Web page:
What Is an Automated Market Maker (AMM)?
Think of an automated market maker as a critical software or protocol, the absence of which would render the operation of decentralized cryptocurrency exchanges virtually impossible. AMMs serve the crucial role of offering automatic, round-the-clock liquidity provisions on Decentralized Exchanges (DEXs) and various DeFi platforms, catering to a diverse array of cryptocurrency pairs.
In the realm of centralized exchanges, intermediaries play key roles, such as replenishing liquidity, executing orders, and orchestrating price adjustments. In stark contrast, these responsibilities fall under the remit of automated market makers on DEX platforms.
The heart of an AMM lies in its smart contracts—essentially programs containing liquidity pools, which are aggregations of assets, functioning based on a predefined mathematical formula. This formula helps to establish a pricing algorithm that mitigates intense volatility and maintains a balanced ratio of tokens within the liquidity pools.
Information about prices is fed into smart contracts through various avenues. Some examples include blockchain data oracles or the analysis of previous transactions.
To get the AMM system up and running, liquidity providers come into the picture. These are users who deposit their funds into smart contracts, thereby allowing the automated market maker to operate. In return for their services, they are awarded interest, as well as tokens known as LPs. These LP tokens serve as an assurance of the reimbursement of the provided funds. To maximize their returns from 'fueling' the AMM, liquidity providers can stake their LP tokens.
When a trader utilizes a DEX, they interact with the automated market maker and pay a corresponding fee. This fee is then split between the exchange and the liquidity provider. Interestingly, traders don't have to hunt for a counterparty to execute a transaction—they directly trade with the smart contract.
Over the years, the DeFi market has seen the rise of two widely-adopted AMM templates, employed specifically by platforms like Uniswap and the Balancer protocol.
1. First caters to liquidity pools for pairs of tokens adhering to the ERC-20 standard. Thanks to the equation "x * y = k", it ensures a balanced distribution of assets. In this equation, X and Y denote the quantity of the two assets in the pool, and K stands for the fixed total volume of liquidity. This format is the most widely used AMM model on the Ethereum network.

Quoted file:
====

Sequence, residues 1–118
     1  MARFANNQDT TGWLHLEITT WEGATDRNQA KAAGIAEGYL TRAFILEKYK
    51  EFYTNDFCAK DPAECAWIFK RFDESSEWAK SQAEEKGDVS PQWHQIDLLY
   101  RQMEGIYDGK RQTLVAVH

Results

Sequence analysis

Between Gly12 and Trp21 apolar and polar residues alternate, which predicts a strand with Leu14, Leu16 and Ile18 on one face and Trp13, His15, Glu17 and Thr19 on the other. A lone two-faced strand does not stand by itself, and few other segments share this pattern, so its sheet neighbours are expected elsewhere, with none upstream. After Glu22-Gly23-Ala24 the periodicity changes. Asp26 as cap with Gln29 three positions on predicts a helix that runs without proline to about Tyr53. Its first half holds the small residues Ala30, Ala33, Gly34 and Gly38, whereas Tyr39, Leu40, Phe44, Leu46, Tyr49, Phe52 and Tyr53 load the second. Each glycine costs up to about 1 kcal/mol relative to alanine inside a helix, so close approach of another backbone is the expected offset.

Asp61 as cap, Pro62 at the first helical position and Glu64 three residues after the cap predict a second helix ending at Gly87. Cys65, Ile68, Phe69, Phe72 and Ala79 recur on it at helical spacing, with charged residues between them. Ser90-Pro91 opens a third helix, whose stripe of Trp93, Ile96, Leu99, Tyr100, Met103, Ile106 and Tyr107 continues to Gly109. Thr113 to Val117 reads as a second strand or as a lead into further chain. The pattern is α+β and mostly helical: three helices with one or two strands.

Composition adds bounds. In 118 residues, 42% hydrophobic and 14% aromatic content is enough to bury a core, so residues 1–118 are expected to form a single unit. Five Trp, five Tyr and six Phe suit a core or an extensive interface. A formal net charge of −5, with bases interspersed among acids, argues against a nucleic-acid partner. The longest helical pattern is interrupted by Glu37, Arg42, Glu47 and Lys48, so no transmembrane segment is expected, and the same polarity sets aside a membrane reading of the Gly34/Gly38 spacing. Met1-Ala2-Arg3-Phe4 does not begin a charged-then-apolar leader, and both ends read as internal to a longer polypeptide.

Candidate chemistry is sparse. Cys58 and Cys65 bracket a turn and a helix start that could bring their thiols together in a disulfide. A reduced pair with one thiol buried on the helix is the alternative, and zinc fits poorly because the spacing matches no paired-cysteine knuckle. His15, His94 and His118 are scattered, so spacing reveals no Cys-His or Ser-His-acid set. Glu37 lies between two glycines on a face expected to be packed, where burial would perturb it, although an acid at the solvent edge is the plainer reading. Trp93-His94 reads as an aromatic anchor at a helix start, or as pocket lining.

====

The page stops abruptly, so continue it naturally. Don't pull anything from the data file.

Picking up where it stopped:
2. On the other hand, the second model enables the creation of flexible liquidity pools, accommodating anywhere from 3 to 8 crypto assets in various proportions. The governing formula adapts based on the number of assets. For instance, with three assets in the pool, the formula morphs into "(x * y * z) ^ (⅓) = k".
Benefits and drawbacks
Aside from the mainstream cryptocurrencies, one can encounter rare and volatile assets in AMM pools, assets that are hard to locate on centralized exchanges. This brings about a wider scope of opportunities for traders.
One clear benefit for liquidity providers is the opportunity for yield farming. When they add funds to an automated market maker's smart contract, they receive interest rewards and LP tokens, which can be staked for passive income.
The prospect of arbitrage is another factor that attracts traders. Arbitrage is a trading strategy in which a market participant capitalizes on a temporary price discrepancy for the same asset across different exchanges. They buy where the price is lower and sell where it's higher.
Because the value of tokens in AMMs adjusts in response to supply and demand, it can differ from the prevailing market price. Arbitrageurs identify such pools and leverage them for their benefit. However, this practice also aids in maintaining the balance of assets within the automated market maker.
Finally, AMMs with substantial liquidity enable traders to avoid severe slippage (the difference in price between placing an order and its execution). Moreover, a trader can set a slippage limit while conducting a transaction.
Despite its benefits, AMM has its drawbacks. For instance, one risk associated with AMMs is 'impermanent loss' for liquidity providers. This occurs automatically when the value of an asset in the pool fluctuates and deviates downwards from the price at which the provider had originally contributed funds.
This loss is termed 'impermanent' because it's likely that the value ratio will readjust. However, if funds are withdrawn right after a price jump, there's a risk of locking in a loss.
Regardless of potential risks, as long as there are individuals and companies willing to act as liquidity providers, automated market makers will persist in supporting decentralized crypto trading.